In other words shut the door when you come in. I always wanted to come back with my own phrase, "I always assumed I was born in a hospital." In stead I just answered,"No, mom." and shut the door.

7. "Keep your room spik and span"

Loosely translated your room looks a mess, how about stop what you're doing and clean it up.

8. "I swear…."

Two word which were meant to add emphasis to any phrase. Here are some examples. "I swear the price of milk keeps going up.", "I swear I raised you better than this." The list is endless.

9. "I’m so mad I could spit."

All I remember about this phrase was if someone used it about you, you'd better find out why they were mad.

10. "You’d make a better door than window."

The meaning of this saying is kind of obvious. You're blocking someone's view of the TV or a girl on the beach, so move.

11. "I got a hankering for..."

A simple little phrase which means you're hungry for something. "I got a hankering for pizza." or "I got a hankering to do nothing all day>"

12. "Use your head for something more...

Usually the ending is, "more than a hat rack..." In other words someone is trying to tell God gave you a brain so it is time to use that brain.

13. "I’ll study on it…"

Usually this phrase is used to let you know the answer to whatever the question is not going to be yes.

"Can I get a dog?",

I'll study on it." Or

"Dear you need to get the bedroom painted."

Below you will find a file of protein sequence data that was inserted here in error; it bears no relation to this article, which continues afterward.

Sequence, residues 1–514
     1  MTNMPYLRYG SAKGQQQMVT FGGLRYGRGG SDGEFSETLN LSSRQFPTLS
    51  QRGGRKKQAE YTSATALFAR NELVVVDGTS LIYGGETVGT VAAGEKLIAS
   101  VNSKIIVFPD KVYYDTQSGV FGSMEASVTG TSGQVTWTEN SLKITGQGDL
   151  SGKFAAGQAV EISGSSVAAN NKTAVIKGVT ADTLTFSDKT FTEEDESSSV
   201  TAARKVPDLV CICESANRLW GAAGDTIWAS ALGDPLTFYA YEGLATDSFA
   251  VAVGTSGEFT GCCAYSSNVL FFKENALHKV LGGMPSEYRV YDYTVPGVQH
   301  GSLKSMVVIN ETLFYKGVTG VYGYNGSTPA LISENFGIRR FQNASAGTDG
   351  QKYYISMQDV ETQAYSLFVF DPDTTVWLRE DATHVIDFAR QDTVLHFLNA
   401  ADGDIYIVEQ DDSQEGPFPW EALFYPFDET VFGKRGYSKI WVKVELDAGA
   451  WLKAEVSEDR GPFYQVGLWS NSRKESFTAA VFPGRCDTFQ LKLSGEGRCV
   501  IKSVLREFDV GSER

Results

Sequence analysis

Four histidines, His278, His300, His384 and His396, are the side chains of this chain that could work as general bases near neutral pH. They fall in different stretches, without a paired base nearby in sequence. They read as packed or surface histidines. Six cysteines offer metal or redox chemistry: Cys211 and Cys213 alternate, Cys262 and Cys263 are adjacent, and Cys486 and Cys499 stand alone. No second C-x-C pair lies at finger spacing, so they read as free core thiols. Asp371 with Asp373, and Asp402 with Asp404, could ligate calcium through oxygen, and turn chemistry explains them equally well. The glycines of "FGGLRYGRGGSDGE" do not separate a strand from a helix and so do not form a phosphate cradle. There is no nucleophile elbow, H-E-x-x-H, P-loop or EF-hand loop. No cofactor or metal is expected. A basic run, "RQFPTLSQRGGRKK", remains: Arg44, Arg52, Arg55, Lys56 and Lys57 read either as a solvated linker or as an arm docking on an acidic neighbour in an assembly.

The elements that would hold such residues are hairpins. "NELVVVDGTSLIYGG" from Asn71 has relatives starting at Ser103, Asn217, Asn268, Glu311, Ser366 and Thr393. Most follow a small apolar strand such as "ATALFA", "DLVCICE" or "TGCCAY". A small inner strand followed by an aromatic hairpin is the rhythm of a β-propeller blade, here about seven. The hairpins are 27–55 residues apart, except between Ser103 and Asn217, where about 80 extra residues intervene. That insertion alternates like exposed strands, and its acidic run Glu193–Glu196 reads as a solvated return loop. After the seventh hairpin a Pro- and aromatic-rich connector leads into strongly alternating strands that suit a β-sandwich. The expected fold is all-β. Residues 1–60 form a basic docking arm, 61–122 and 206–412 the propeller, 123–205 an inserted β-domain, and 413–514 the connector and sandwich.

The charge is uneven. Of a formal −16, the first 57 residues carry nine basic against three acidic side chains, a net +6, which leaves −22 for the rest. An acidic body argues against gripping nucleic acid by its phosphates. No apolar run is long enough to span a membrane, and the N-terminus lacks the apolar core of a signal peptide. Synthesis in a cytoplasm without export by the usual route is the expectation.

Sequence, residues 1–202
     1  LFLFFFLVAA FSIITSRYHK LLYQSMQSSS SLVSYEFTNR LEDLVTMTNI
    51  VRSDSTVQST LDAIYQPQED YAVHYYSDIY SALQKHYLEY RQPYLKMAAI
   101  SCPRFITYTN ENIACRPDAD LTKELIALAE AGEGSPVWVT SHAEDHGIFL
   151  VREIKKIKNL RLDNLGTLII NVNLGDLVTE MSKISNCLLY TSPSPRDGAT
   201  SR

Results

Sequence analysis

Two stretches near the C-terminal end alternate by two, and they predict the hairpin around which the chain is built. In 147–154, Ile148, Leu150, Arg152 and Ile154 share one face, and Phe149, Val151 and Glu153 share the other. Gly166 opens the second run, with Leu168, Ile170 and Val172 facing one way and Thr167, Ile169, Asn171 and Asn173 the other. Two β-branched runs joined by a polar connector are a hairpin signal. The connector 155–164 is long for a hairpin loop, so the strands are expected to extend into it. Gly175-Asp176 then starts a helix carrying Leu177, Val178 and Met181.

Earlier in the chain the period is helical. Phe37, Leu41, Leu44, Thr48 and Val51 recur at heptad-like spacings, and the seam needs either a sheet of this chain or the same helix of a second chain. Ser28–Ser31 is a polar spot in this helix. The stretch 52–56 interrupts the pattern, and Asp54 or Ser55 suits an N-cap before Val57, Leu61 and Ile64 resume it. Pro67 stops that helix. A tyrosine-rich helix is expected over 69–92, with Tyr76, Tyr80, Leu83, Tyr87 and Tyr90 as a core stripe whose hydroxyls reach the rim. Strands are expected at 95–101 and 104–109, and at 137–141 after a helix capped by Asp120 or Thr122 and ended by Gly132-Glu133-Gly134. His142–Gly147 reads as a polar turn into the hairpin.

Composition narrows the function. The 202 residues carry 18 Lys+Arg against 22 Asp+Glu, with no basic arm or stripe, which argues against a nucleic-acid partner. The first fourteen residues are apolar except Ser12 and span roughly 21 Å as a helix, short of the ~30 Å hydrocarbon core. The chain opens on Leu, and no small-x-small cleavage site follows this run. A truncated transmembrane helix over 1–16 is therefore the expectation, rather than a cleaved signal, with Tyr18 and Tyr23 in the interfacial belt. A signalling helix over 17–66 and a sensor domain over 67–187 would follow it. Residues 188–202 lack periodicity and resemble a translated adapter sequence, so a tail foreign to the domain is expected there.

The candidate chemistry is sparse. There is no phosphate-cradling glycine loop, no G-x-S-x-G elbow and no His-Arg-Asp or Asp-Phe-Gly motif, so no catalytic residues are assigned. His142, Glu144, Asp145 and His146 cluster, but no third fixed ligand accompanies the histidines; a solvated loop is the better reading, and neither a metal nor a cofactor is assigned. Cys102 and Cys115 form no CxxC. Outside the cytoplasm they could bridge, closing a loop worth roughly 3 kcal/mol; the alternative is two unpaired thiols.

"OK, I'll study on it."

14. "Slower than molasses in January."

I don't know much about molasses in January but I assume it runs slow judging by this old country phrase. What the person using this phrase is obviously trying to tell you is that you're moving too slowly for their liking.

15. "You ain’t got a lick of sense."

Simply explained think before you act. An example might be, "Why'd you jump your bike over the ramp and break your arm. Don't you have a lick of sense?"

Mauve W
Mauve W | Source

16. "You didn’t eat enough to keep a bird alive."

A Southern saying which when translated means, “I made all this food and you’re going to darn well eat more than you have on your plate.”

17. "I’m goin’ whole hog tonight.”

A phrase used when you have the intentions on being all in on something. "I'm going to go hog wild with your birthday party."

18. "The road to hell is paved with good intentions…"

A phrase which brings to mind the fact you can have good intentions but unless you act on them they are just words.

19. "I had to doctor the...in order to get it ready to eat."